The gap between human and artificial intelligence (AI) is becoming narrower and narrower. An A.I. system at the Massachusetts Institute of Technology, dubbed ConceptNet, recently took an I.Q. test for children and scored higher than the average four year old, and the system is expected to become smarter.
Machines are becoming better equipped at performing various tasks, including playing chess, recognizing pictures and holding intelligent conversations. ConceptNet was put through five tests, from word reasoning to vocabulary. When the results were in, ConceptNet achieved a score of 69, whereas the typical four year old scores an average of 50 on the same test. 1
ConceptNet is an open source project headed by the MIT Common Sense Computing Initiative. The aim of the project is to collect data about what people know and what machines don’t know, like how to relate words to concepts, and making them into a computer algorithm.1
The team tested ConceptNet4. When they asked the A.I. system to explain what an fawn was, it understood that a “fawn is a deer” rather than “a deer is a fawn.” In other words, the A.I. system knew how the concept of an animal related between the two words: a deer is an animal but an animal isn’t necessarily a deer.1
ConceptNet4 also uses what is called a polarity flag to identify a negative correlation such as, “penguins can’t fly.”1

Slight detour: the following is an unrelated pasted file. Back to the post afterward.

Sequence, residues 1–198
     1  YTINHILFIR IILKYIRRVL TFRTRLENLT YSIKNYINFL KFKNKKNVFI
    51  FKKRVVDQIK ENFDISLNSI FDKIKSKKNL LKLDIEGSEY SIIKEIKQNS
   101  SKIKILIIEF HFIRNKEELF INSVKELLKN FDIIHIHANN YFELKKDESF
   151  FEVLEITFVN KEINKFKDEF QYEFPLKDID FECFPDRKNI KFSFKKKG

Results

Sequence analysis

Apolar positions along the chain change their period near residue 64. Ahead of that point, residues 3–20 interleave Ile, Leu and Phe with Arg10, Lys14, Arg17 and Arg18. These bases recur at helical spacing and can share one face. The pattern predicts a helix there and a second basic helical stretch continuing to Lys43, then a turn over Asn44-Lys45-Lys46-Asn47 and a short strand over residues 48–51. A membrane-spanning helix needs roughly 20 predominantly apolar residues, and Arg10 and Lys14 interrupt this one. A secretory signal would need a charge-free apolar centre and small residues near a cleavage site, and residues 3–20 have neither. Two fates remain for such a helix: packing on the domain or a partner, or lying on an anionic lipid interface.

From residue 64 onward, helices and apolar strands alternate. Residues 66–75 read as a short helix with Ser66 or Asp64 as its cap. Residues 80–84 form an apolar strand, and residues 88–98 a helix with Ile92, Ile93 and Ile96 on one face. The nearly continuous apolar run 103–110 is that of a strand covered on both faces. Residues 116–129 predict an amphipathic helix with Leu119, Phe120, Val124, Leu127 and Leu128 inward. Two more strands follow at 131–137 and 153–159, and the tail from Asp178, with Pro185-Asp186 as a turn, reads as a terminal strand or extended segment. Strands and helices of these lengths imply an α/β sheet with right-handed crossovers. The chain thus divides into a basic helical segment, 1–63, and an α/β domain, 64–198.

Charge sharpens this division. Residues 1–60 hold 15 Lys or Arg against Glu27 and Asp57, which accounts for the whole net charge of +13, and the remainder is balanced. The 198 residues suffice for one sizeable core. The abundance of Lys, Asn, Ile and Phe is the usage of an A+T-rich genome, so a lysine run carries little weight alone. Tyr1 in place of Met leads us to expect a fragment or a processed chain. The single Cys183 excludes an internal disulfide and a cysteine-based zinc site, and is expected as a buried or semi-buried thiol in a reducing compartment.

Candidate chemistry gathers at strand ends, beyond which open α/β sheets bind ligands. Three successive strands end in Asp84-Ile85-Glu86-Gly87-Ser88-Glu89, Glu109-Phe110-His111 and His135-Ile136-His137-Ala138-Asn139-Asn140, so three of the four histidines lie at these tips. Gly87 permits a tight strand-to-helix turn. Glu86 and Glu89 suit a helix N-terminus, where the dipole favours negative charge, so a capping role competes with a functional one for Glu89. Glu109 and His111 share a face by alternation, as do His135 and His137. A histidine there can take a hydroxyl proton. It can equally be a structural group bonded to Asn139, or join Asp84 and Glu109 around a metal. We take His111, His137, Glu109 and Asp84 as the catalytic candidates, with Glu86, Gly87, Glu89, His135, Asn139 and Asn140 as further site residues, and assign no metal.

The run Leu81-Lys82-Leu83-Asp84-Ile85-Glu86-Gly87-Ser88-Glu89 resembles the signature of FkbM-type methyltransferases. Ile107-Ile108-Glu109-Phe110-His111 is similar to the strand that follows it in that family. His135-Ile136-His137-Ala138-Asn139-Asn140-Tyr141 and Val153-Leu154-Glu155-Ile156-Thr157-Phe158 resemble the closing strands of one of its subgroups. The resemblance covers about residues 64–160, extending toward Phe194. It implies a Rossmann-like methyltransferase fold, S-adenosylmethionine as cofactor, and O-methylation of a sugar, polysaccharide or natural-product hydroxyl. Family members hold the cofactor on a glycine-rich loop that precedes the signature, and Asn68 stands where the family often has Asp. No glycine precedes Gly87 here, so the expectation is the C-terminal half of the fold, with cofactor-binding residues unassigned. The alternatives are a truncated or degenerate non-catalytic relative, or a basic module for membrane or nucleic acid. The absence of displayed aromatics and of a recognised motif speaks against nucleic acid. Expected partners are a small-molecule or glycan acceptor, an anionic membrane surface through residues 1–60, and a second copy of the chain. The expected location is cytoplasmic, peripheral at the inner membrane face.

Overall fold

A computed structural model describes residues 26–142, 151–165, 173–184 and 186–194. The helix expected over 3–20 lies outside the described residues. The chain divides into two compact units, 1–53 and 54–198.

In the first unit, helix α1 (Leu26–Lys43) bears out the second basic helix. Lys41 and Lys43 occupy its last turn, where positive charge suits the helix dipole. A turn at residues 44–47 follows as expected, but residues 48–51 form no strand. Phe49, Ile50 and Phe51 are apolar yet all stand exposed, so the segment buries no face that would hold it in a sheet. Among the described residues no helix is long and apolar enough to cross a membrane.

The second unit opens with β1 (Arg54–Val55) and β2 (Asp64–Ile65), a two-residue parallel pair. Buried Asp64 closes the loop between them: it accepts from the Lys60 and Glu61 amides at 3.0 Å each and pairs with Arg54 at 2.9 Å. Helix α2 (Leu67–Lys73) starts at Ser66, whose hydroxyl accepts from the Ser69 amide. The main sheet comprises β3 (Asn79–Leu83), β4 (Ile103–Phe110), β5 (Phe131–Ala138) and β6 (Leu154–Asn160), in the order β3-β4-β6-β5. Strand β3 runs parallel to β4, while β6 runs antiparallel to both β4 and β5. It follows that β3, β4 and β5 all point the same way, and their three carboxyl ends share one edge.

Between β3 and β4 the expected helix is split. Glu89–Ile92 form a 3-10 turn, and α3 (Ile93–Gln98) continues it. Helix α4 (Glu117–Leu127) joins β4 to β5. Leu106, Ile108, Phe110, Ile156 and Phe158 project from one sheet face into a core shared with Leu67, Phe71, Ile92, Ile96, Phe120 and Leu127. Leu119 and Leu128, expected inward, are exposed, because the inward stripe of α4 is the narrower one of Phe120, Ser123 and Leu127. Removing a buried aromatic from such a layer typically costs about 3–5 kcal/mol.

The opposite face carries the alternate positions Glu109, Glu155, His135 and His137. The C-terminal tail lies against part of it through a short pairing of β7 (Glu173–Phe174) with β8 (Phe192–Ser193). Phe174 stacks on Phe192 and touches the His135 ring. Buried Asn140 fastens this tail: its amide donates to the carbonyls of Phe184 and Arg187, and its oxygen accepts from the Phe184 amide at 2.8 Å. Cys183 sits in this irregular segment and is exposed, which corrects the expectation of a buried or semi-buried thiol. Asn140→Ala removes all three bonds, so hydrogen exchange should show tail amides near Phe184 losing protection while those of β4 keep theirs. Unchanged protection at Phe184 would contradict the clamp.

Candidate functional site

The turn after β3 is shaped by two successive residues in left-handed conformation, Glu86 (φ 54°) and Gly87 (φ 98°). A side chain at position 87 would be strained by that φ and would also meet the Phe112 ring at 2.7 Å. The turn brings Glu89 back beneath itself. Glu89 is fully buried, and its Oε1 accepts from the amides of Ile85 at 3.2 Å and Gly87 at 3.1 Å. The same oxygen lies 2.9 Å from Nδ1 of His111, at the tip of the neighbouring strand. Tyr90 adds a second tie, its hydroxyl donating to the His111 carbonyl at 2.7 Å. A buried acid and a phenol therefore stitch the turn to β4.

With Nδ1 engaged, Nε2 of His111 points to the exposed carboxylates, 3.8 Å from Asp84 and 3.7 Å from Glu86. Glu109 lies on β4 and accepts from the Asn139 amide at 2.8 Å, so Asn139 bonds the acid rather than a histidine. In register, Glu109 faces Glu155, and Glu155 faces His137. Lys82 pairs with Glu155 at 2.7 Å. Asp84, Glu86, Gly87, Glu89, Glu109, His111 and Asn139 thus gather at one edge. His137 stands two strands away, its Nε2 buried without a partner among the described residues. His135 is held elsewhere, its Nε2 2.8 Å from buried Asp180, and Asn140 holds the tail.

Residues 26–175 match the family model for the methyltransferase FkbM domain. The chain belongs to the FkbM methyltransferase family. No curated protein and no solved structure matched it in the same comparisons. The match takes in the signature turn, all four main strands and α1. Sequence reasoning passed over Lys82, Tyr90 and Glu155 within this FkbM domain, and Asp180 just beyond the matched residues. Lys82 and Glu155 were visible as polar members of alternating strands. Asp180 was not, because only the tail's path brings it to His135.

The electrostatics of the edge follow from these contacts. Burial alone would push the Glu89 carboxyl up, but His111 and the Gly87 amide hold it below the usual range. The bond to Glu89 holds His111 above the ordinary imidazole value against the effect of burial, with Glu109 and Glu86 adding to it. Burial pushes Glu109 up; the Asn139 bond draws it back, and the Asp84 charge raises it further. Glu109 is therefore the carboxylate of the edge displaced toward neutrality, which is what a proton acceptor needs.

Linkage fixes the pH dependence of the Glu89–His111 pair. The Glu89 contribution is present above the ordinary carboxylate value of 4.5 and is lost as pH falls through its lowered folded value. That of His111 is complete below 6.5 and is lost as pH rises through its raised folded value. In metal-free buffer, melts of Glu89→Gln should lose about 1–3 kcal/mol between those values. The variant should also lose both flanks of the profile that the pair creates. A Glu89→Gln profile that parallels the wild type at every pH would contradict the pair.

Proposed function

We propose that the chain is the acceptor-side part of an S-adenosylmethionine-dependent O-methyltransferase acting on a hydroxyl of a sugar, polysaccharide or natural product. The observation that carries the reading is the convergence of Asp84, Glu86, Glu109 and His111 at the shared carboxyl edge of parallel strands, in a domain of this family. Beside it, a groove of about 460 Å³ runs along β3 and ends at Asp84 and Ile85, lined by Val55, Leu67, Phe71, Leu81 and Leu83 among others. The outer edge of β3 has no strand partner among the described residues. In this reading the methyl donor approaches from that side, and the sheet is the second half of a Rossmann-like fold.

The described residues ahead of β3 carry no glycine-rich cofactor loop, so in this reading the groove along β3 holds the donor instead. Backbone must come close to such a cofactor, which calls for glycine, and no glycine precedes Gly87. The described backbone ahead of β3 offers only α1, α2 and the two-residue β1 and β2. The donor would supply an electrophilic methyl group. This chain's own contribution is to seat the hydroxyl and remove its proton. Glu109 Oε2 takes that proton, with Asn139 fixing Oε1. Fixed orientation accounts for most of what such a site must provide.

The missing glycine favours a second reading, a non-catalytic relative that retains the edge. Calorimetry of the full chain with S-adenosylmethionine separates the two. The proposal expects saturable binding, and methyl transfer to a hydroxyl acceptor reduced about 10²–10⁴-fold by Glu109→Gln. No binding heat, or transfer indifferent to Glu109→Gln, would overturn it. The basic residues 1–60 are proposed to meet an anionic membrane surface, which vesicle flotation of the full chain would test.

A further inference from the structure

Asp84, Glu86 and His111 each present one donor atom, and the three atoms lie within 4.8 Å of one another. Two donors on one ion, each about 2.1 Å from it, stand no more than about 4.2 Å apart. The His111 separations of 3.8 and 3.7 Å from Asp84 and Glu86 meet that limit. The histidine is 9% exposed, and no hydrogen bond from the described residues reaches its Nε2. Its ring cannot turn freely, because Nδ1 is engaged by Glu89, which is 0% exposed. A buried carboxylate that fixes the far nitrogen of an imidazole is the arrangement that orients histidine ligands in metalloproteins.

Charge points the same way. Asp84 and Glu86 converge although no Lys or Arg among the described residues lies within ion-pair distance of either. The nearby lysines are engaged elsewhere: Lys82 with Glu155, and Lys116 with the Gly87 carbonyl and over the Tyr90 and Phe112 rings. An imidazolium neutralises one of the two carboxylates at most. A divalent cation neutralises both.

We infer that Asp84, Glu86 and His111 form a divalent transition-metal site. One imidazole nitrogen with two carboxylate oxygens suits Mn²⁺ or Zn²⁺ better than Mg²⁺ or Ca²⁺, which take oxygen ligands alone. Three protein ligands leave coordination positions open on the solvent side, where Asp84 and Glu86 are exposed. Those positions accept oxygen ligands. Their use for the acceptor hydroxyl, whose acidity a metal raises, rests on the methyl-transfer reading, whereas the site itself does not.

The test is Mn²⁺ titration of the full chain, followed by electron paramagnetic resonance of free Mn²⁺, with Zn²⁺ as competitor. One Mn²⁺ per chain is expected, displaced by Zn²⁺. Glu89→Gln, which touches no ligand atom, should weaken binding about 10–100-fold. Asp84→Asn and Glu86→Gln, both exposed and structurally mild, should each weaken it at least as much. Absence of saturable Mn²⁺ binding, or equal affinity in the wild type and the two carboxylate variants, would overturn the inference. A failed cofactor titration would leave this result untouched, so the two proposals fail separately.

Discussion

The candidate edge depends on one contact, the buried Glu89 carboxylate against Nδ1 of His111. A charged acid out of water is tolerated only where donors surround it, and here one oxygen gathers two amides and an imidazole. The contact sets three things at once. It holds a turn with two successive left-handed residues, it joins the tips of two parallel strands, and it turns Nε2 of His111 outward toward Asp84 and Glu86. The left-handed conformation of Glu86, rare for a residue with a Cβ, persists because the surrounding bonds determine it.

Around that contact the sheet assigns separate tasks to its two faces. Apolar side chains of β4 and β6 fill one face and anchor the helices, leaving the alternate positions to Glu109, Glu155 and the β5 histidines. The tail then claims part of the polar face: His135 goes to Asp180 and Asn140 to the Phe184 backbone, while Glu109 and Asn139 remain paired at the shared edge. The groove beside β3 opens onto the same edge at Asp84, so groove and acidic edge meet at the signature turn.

The team used the Weschsler Preschool and Primary Scale of Intelligence Test (WPPSI) on the system. The WPPSI-III IQ test consists of 14 subtests and assesses Performance IQ and a Verbal IQ (VIQ).1
In order to measure Performance IQ, children are asked to draw pictures, solve puzzles and perform various memory tasks. The Verbal IQ test is designed to test a child’s vocabulary and the scope of their reasoning abilities.1
ConcpetNet had a wider vocabulary than the average four year old, scoring 20 versus an average of 13.1
The A.I. system wasn’t great at all these tests, however. A four year old performed better at Word Reasoning and Comprehension, scoring seven on both tests, whereas ConceptNet only scored three.
“ConceptNet 4 did dramatically worse than average on comprehension – the ‘why’ questions,” said Robert Sloan, professor and head of computer science at UIC, and lead author on the study. “If a child had scores that varied this much, it might be a symptom that something was wrong.”1
Gap between third person and first person data
A.I. systems are divorced from and devoid of the subjective, qualitative experience of conscious creatures. It should therefore be unsurprising that ConceptNet proved short in executing subjective calculations. For example, it’s easier for an A.I. system to compute that water freezes at 32 degrees Fahrenheit than it is to compute that ice is cold.1
Furthermore, many of the incorrect answers made by ConceptNet were not parallel to the incorrect answers made by children. For example, during the Word Reasoning test, the robot and child were supposed to infer the existence of a lion based upon the following clues: ‘This animal has a mane if it is male’, ‘this is an animal that lives in Africa,’ and ‘this a big yellowish-brown cat.’
The top five answers from ConceptNet included dog, farm, creature, home, and cat.1
The creature and cat answers ‘are in the vague neighborhood of lion’, said the researchers, ‘however, the other answers are clear violations of common sense’.
“Common sense should at least confine the answer to animals, and should also make the simple inference that, ‘if the clues say it is a cat, then types of cats are the only alternatives to be considered.”1